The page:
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Wednesday, May 19, 1999 Published at 21:36 GMT 22:36 UK


FC Bayern: The Glory years

Bayern Munich: Leapt from footballing obscurity to conquer Europe

The 'Golden Age' of German football came in the 1970's when, under the captaincy of one of football's most remarkable talents, Franz Beckenbauer, Bayern Munich rose to dominate the European game.

United's Euro Showdown
Up until the 1960's Bayern had been an amateur second division side. Yet, within a single decade, they became the most powerful club in Europe - winning three consecutive European trophies.


[ image: Tschik Cajkovski: Recognised the talent of his young side]
Tschik Cajkovski: Recognised the talent of his young side
Tschik Cajkovski was the Yugoslav born coach who first nurtured Bayern's brilliant crop of young players, and recognised the qualities in Beckenbauer that would one day make him Germany's football Kaiser.

In 1965, just two years after the inception of the Bundesliga, the team - around Beckenbauer, Sepp Maier and Gerd Müller - with an average age of just 21, reached the top level of the German game.

But the meteoric rise was just beginning.

Instant success

They reached third place in the first year of the Bundesliga - the then best climber of all time - secured victory in the Cup Final (4-2 against Duisburg) and Beckenbauer suddenly found himself in the World Cup final at Wembley stadium against England.


[ image: Franz Beckenbauer: Germany's football Kaiser]
Franz Beckenbauer: Germany's football Kaiser
In an interview with BBC TV, Beckenbauer later admitted the Bayern team had some very special strengths.

"I was 13 when I moved to Bayern," he said. "I played five years in the youth team but then I got the contract in 1964.

"At the time we were in the second division but then we moved up. Sepp Maier came, Muller came and then a couple of years later, Paul Breitner, Uli Hoeneß and Schwarzenbeck - the members of the 1974 World Cup team."


Bayern Munich's Paul Breitner: "We had a fine mix of players" (BBC TV)
Maier, Müller, Beckenbauer, FC Bayern. The names were now familiar throughout the world of football.

No wonder that one year later, in 1967, they were celebrating their first European Cup triumph.

Vital victory


Franz Beckenbauer: "Rangers were one of the best teams in Europe" (BBC TV)
Thanks to a shot by Franz Roth in the final against Glasgow Rangers in Nuremberg, Bayern secured the European Cup Winners' Cup. The DFB Cup was also successfully defended, with a 4-0 victory over HSV in the final.

Throughout Europe there was a growing recognition that a new centre of footballing excellence had emerged.

Udo Lattek was the coach when Bayern again lifted the German Cup in 1971.

But he would have to wait two more years before Bayern became the first German team to reach the Champions' final since Eintracht Frankfurt were thrashed 7-3 against Real Madrid.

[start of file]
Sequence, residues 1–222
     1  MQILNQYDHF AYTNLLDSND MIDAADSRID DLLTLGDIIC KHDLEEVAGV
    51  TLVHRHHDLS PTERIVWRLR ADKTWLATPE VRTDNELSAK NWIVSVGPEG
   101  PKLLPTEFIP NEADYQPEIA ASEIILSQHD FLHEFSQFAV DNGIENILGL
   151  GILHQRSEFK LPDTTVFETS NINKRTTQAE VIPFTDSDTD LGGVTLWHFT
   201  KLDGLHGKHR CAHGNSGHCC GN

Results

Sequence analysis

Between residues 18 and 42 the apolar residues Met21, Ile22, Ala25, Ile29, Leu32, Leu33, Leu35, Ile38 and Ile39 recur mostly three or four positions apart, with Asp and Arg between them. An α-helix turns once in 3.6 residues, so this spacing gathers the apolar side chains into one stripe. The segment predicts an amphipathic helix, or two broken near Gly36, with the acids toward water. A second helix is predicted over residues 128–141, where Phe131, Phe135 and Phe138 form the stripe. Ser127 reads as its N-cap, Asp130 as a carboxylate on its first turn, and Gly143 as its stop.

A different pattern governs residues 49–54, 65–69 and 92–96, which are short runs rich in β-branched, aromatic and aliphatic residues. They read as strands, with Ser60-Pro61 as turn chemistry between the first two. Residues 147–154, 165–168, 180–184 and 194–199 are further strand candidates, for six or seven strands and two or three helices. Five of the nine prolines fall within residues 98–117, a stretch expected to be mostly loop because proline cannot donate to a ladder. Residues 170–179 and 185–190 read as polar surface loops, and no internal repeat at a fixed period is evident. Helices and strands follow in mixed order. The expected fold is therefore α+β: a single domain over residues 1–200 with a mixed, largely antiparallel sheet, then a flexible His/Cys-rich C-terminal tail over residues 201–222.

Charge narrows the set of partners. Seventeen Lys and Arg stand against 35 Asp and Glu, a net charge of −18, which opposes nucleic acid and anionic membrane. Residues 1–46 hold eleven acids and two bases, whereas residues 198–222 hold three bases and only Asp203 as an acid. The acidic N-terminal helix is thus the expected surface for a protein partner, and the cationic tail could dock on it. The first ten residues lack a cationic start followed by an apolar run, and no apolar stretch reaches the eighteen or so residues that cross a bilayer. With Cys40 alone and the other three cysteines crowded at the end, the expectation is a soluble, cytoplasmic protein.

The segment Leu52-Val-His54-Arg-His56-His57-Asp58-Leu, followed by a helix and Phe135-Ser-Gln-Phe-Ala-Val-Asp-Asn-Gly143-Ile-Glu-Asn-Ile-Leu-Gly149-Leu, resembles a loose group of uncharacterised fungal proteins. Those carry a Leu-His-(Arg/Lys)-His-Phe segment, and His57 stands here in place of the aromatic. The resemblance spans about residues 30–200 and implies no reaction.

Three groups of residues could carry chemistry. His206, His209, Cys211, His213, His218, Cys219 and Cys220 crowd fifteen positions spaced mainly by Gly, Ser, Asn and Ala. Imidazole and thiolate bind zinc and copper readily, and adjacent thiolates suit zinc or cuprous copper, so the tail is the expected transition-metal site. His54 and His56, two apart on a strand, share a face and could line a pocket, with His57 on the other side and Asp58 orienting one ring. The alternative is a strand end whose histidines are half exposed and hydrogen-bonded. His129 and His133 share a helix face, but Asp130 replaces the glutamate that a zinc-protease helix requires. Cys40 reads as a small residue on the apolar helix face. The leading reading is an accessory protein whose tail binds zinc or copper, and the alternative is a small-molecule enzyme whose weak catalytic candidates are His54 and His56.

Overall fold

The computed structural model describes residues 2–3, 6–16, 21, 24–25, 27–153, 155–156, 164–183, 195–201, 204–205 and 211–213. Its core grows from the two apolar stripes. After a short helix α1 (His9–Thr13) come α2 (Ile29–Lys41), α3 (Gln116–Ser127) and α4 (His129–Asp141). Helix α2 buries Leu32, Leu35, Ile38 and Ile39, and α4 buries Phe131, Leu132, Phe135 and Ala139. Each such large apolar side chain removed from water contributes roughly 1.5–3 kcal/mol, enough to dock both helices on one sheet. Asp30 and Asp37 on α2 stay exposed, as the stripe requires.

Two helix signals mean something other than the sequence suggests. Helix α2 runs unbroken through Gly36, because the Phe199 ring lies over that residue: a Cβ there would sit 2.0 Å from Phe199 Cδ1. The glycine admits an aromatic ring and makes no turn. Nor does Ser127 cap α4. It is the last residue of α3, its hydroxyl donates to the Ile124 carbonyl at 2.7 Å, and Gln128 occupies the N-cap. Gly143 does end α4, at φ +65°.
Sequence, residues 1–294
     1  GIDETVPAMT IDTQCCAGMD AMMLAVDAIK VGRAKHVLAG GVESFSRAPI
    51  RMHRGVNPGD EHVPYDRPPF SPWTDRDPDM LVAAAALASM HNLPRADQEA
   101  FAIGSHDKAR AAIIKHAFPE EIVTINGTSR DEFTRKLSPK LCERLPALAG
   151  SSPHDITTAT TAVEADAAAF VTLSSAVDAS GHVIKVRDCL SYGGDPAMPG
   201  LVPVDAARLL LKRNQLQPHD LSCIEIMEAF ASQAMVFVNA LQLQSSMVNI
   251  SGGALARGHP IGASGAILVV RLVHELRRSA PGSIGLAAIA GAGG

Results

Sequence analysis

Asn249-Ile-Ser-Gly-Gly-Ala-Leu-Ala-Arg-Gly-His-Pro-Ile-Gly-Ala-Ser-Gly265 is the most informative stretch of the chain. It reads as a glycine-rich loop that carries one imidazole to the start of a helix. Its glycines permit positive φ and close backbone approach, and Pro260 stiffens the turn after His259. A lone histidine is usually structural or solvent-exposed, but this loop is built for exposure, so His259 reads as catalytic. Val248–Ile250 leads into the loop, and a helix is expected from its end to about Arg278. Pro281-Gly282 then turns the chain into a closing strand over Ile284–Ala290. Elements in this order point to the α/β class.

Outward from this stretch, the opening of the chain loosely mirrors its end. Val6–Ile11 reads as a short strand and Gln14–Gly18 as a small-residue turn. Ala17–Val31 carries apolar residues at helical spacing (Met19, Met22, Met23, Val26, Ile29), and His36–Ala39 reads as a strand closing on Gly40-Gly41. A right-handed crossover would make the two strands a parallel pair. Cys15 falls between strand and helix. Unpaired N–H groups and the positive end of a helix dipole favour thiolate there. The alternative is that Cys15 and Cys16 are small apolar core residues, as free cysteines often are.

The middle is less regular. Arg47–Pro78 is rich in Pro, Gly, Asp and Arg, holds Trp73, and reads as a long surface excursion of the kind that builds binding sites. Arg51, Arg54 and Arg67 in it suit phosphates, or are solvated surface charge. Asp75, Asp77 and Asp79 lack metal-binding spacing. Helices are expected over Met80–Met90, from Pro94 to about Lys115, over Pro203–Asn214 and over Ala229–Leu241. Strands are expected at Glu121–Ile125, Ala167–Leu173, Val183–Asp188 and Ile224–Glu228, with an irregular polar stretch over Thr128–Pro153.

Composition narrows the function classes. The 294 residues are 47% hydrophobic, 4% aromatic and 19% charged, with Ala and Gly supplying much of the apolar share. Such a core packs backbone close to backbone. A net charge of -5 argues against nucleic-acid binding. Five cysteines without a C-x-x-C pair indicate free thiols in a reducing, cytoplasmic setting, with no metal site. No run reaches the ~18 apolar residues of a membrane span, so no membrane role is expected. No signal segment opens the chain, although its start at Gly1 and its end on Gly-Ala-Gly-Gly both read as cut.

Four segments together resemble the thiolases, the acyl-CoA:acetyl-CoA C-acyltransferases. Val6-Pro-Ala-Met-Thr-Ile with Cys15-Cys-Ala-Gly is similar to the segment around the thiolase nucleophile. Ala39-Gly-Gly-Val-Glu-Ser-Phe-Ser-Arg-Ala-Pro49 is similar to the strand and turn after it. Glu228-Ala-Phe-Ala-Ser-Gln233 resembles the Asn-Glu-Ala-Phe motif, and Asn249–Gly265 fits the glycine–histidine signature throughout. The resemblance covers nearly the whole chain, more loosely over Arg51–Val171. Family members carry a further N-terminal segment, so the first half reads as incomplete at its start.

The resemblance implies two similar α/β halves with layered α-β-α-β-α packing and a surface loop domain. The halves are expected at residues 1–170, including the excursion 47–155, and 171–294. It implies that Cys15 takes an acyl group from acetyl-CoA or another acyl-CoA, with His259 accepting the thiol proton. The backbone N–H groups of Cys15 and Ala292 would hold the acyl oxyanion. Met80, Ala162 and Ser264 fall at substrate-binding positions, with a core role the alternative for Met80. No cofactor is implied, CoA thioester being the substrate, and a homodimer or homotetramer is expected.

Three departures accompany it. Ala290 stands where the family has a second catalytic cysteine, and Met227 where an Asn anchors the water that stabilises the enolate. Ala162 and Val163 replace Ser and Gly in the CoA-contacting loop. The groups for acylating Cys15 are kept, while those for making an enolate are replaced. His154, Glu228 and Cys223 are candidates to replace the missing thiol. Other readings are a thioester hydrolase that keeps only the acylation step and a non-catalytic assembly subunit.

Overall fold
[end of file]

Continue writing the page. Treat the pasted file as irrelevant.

Glory arrives

Ironically Spain again provided the opposition - this time it was Atletico Madrid who were also appearing in their first European Cup final.


Uli Hoeness: "We played our best football in the second leg against Madrid"
Initially things did not go well for Bayern with Sepp Mayer conceding a free-kick that many felt he could have saved, before Schwarzenbeck hit a memorable equaliser in the dying seconds of the game.

The replay was a different story, however, with Bayern achieving a 4-0 win thanks to two goals apiece from Muller and Uli Hoeness.


Franz Beckenbauer: "We were lucky against Leeds" (BBC TV)
One year later, 1975, brought another European Cup final - this time against the might of Leeds United at the Parc des Princes in Paris.

Leeds dominated the game and even secured a late goal - but it proved to be the turning point of the match. It was disallowed for offside with Bayern then scoring twice to lift the trophy for the second time.

It was an ageing team that attempted to win the European Cup again, against Saint Etienne in 1976. But Karl-Heinz Rummenigge provided some new blood.


[ image: 1976: Bayern's third consecutive victory on the European stage]
1976: Bayern's third consecutive victory on the European stage
In a BBC interview, Rummenigge later admitted: "Before the game I was so nervous and I told [coach] Dettmar Cramer.

"I said I didn't know what to do and that I thought I should do something to feel better, so the doctor game me a shot of Cognac and then tried to give me another - but I was afraid of being drunk."

Saint Etienne were the flower of French football at the time and dominated the game for most of its 90 minutes.

But Bayern could not quite be suppressed and the game was ultimately decided by one foul and one free-kick.

Franz Roth was the scorer and not for the first time Bayern had snatched victory from the fire.

It was three European Cup wins in a row - an achievement to match the three victories of Ajax - if not the six of Real Madrid.



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